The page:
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OSHA’s Expanding Horizons: Whistleblower Protections for Money Laundering and Criminal Antitrust Violations

OSHA’s Expanding Horizons: Whistleblower Protections for Money Laundering and Criminal Antitrust Violations Background Image

At this point, most employers probably know that the Occupational Safety and Health Administration (“OSHA”) is charged with investigating far more than workplace safety. Indeed, OSHA has a robust Whistleblower Protection Program that oversees worker retaliation complaints pursuant to over 20 different federal whistleblower laws. Publicly traded companies will be familiar with OSHA’s authority to investigate employee whistleblower complaints under the Sarbanes-Oxley Act (“SOX”). But that list of whistleblower statutes seems to get longer with each new administration!

On February 19, 2021, the Department of Labor tasked OSHA with the investigation of whistleblower complaints under two new statutes of which employers should be aware — the Criminal Antitrust Anti-Retaliation Act of 2019 (“CAARA”) and the Anti-Money Laundering Act of 2020 (“AML Act”).

CAARA was signed into law by former President Trump in December 2020. It prohibits retaliation against a covered individual for providing information related to criminal antitrust law violations to the federal government or to their supervisors (or for assisting in a federal investigation or proceeding related to criminal antitrust law violations). The particular conduct subject to criminal antitrust prosecution under the Sherman Act, and thus the only violations that might involve whistleblower protection under CAARA, are bid-rigging, price-fixing, market or customer allocation agreements, conspiracies to restrain supply or competition, and agreements to set employee wages or allocate employees (so-called “no-poach” agreements). CAARA specifically prohibits retaliation “in the terms and conditions of employment” of the following “covered individual[s]”: “employee[s], contractor[s], subcontractor[s], or agent[s] of an employer.” Protection under the statute is not available if the whistleblower “planned or initiated” the reported misconduct. The AML Act was signed into law over former President Trump’s veto in January 2021. A lengthy statute (likely to be further interpreted by federal regulations), the goal of the AML Act is apparently to expand upon the mechanisms available to the federal government to fight money laundering and prevent terrorist financing. To that end, the AML Act expands the preexisting whistleblower and informant provisions of the Bank Secrecy Act of 1970 to extend protection to whistleblowers from their employers if they provide information to their employer or to the federal government regarding certain money laundering-related violations (or assist the Departments of Justice or Treasury in investigations or actions). Employers are prohibited from discriminating against whistleblowers in the terms and conditions of their employment or post-employment.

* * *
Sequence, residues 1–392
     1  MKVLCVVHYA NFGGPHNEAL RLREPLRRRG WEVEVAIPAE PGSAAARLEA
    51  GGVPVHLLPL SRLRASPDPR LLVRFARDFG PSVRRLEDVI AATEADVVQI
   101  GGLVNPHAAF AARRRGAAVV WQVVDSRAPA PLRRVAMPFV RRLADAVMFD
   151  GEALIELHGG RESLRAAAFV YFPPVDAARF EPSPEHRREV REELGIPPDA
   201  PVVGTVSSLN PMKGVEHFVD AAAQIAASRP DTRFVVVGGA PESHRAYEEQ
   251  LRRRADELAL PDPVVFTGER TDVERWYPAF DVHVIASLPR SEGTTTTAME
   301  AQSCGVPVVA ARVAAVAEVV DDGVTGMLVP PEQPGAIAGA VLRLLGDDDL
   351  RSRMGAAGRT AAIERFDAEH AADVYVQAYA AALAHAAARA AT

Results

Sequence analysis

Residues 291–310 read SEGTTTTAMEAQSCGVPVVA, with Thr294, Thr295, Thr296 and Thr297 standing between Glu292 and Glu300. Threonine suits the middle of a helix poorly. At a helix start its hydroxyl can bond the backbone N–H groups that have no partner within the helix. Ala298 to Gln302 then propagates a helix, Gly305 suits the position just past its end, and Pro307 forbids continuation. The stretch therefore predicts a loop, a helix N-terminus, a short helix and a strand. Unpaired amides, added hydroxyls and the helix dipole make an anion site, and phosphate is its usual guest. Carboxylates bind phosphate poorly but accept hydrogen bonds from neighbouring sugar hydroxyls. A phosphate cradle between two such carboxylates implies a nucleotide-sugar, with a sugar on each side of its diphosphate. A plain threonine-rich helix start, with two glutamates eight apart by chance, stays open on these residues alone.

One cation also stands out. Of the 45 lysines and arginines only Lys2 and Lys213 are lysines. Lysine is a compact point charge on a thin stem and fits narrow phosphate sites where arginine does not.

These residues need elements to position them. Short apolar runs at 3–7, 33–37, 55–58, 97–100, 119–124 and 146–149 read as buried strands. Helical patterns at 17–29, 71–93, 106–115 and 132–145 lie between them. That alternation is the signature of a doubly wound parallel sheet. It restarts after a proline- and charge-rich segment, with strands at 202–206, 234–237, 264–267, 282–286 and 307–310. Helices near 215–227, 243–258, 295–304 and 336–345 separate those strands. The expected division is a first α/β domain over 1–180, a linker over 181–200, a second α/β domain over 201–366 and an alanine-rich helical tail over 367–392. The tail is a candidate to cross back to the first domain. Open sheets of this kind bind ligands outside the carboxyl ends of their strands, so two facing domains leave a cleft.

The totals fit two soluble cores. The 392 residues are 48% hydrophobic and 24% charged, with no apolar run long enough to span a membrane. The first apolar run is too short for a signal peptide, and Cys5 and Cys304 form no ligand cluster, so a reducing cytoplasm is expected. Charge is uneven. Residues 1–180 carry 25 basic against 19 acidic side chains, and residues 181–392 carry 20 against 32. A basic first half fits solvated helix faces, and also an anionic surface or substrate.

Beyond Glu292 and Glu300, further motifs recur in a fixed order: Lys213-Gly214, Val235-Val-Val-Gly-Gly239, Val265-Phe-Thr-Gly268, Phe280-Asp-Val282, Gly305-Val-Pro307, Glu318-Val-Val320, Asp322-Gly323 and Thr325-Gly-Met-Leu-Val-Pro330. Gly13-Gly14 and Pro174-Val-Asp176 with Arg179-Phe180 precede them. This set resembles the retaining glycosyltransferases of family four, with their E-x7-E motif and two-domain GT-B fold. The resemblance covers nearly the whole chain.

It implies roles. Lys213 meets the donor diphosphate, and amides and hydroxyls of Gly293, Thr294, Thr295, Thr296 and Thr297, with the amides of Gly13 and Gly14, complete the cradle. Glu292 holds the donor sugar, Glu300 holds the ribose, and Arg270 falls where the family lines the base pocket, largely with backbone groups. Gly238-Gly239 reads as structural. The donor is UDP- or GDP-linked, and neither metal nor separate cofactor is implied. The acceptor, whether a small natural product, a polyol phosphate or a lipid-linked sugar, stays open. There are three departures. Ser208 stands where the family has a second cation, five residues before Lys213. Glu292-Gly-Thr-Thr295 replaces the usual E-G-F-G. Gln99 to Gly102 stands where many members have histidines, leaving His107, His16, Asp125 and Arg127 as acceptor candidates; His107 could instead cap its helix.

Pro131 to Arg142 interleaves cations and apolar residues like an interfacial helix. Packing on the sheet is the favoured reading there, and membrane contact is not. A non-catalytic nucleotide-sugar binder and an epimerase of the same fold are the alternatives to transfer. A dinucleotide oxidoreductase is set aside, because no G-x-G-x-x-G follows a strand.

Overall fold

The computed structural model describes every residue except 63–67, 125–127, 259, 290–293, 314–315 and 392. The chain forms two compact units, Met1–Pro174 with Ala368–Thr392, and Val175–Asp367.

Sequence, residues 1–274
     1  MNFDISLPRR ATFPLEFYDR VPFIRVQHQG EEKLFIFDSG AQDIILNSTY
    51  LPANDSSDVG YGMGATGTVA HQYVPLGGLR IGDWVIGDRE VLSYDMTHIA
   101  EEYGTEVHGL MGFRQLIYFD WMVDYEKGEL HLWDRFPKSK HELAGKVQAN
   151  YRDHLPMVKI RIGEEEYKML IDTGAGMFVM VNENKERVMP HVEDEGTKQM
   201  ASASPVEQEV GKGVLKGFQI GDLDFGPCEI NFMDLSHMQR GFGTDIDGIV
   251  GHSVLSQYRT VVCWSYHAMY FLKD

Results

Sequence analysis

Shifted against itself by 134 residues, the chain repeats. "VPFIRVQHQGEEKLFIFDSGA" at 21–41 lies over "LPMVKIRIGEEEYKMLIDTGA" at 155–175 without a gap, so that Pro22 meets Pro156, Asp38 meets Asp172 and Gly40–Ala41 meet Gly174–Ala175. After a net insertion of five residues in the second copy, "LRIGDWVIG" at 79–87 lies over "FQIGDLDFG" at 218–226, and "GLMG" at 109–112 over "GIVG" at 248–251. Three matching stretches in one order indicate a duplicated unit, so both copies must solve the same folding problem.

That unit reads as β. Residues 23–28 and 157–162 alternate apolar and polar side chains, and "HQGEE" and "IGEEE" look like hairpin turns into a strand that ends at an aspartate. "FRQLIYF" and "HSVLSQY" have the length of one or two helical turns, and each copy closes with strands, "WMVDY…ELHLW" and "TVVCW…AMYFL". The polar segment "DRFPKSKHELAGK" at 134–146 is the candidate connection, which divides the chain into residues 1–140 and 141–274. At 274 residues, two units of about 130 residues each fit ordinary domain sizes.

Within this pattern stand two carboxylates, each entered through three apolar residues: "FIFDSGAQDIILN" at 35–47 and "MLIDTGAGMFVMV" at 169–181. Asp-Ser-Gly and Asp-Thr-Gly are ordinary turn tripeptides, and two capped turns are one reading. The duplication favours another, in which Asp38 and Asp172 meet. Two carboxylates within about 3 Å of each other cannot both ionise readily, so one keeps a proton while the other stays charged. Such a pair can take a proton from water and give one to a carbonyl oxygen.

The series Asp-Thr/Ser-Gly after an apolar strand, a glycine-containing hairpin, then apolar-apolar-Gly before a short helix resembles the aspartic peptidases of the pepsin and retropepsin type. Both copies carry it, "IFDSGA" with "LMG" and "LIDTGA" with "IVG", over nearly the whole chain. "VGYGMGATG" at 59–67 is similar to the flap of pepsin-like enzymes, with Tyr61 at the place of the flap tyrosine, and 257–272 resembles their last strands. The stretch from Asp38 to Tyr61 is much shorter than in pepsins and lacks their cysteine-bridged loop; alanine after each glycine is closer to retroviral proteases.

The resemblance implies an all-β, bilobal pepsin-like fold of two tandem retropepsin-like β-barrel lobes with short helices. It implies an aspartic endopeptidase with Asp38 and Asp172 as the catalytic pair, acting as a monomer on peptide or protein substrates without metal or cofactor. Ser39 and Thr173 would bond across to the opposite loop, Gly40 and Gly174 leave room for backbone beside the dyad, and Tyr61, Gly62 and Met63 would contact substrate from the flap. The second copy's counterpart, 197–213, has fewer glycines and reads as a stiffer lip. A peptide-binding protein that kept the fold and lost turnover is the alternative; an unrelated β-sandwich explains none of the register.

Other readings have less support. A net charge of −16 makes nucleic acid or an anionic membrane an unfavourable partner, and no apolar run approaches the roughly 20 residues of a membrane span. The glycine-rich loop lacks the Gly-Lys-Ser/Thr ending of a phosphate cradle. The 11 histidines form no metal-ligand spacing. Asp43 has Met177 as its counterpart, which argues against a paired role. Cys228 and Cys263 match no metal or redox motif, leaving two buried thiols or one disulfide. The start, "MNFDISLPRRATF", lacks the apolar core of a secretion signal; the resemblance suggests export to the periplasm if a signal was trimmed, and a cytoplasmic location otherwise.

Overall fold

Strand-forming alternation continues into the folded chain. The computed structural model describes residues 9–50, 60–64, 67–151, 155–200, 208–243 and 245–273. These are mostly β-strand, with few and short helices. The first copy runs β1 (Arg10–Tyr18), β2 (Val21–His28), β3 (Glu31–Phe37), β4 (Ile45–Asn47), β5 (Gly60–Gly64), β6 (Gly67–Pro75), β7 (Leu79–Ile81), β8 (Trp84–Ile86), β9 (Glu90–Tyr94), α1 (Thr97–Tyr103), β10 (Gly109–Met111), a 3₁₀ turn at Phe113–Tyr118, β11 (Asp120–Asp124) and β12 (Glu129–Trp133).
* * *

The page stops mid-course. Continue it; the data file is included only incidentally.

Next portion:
Similar to SOX, individuals may initiate claims under either statute by filing a complaint with OSHA. Employers should consider these statutes in conducting supervisory training and whether a review of existing employee policies or agreements is warranted in light thereof.

This information is provided by Vinson & Elkins LLP for educational and informational purposes only and is not intended, nor should it be construed, as legal advice.